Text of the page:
When asked what consumers can do if they want to support a fairer food system, Joel imparted three wise words “know your farmer.” He emphasised how this makes it more real for the farmer and more authentic for the consumer. You can do this through farmers markets or by checking out local Community Supported Agriculture (CSA) models in your area. Joel praises the CSA model because it shares the risk between both the farmer and consumer.

He states:

“Another reality for farmers is that they get left holding all the risk – whether the crops succeed or fail, or whether the market changes. In a CSA model, customers become shareholders; stakeholders in the farm itself and the risk is distributed. Everyone benefits when the system is working really well. Everyone shares the load when things don’t go well such as natural disasters or pests.”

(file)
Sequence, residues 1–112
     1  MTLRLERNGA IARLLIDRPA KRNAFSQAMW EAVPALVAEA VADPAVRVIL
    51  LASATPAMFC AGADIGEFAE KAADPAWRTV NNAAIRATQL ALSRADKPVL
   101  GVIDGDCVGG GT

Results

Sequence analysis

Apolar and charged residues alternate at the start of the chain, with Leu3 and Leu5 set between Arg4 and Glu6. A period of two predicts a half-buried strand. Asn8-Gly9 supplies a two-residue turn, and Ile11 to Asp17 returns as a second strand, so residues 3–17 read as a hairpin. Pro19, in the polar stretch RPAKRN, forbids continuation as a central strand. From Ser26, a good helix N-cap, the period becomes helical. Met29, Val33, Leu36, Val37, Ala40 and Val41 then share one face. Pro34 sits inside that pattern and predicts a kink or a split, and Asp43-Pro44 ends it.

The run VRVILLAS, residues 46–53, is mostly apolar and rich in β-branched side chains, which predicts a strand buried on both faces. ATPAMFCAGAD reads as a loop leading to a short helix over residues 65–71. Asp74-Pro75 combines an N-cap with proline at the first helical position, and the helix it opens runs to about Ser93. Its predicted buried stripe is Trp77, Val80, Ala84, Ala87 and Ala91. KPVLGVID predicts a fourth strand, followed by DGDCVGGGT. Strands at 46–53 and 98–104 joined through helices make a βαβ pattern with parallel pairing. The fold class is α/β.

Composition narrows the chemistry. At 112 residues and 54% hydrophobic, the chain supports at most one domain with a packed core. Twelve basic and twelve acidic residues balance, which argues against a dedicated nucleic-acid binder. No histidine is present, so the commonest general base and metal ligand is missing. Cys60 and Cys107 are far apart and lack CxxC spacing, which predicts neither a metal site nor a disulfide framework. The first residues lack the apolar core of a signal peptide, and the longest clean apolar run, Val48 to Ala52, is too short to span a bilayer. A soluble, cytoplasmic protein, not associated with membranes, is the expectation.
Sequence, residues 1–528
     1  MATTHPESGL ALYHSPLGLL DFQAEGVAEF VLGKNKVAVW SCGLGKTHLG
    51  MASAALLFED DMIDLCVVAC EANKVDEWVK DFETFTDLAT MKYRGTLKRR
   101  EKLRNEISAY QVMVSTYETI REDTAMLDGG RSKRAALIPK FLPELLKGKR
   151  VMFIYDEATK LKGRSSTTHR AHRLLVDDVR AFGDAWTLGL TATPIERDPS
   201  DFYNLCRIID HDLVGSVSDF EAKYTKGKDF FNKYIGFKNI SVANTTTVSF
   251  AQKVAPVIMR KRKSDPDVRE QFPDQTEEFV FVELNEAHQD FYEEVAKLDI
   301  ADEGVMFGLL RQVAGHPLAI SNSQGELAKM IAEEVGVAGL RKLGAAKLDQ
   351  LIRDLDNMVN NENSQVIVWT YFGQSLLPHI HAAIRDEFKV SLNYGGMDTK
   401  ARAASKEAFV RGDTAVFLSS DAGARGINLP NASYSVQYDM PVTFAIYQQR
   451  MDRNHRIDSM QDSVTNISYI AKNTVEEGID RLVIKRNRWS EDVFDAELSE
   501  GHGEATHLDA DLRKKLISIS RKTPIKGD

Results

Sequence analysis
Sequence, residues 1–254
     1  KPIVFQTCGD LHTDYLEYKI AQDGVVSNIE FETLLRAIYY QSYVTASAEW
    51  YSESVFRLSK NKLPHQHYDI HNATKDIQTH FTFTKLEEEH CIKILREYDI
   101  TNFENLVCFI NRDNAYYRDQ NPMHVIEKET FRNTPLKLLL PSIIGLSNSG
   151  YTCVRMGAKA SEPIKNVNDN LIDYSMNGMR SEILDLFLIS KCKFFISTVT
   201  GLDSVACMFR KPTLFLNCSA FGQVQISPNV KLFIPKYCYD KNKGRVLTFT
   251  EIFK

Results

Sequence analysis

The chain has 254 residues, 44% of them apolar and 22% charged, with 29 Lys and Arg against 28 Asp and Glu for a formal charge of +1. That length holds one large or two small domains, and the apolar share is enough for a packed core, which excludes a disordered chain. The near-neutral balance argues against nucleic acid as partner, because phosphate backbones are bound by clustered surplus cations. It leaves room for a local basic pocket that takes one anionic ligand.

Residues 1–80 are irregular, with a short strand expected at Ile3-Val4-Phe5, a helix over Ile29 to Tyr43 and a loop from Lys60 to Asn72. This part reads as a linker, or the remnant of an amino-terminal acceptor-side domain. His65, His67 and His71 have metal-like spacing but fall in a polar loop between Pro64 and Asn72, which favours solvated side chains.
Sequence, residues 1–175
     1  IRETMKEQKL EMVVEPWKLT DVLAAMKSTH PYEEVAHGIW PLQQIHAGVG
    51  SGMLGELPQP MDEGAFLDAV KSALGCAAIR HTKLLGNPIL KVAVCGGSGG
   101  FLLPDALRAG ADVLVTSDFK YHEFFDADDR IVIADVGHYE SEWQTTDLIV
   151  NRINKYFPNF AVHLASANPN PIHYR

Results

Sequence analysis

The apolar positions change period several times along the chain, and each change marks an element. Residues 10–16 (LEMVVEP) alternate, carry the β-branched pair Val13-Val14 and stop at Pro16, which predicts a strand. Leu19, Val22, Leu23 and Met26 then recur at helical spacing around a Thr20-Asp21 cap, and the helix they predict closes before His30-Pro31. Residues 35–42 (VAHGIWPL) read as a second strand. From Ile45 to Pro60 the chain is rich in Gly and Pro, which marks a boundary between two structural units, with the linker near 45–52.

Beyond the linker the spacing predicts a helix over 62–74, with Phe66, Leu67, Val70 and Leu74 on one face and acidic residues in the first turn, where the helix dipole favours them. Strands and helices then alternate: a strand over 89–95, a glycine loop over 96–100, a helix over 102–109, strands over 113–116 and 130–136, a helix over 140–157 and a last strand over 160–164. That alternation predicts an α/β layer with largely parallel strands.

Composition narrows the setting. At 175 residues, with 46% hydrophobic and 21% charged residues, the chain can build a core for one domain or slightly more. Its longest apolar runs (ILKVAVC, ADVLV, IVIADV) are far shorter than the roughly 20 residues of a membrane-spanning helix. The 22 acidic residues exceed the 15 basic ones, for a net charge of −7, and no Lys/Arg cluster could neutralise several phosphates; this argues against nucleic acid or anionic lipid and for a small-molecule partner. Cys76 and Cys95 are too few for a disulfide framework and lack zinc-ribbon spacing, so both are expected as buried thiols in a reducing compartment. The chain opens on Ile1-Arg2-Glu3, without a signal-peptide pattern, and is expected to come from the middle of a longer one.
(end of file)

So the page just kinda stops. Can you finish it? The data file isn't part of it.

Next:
As our conversation nears a close, I am left feeling hugely inspired by Joel’s big future thinking. A farmer, activist and connector, Joel is harvesting the seeds for change, cultivating the youth of today to enter the most important job ever required.   A profession that cares and nurtures the land, alongside the greatest responsibility of all, feeding us.

Photo credit: Jo Immig

Deep Winter 2017: Sowing the seeds for our farming future

The air was cool and crisp, as I set out for Deep Winter just after sunrise, eager to meet some farmers and foster a connection with those responsible for one of the most important duties on this planet, feeding people. As I drove south to Bangalow, the winter sun warmed the car and my soul, ready for a day of learning, sharing and connecting with small-plot farmers.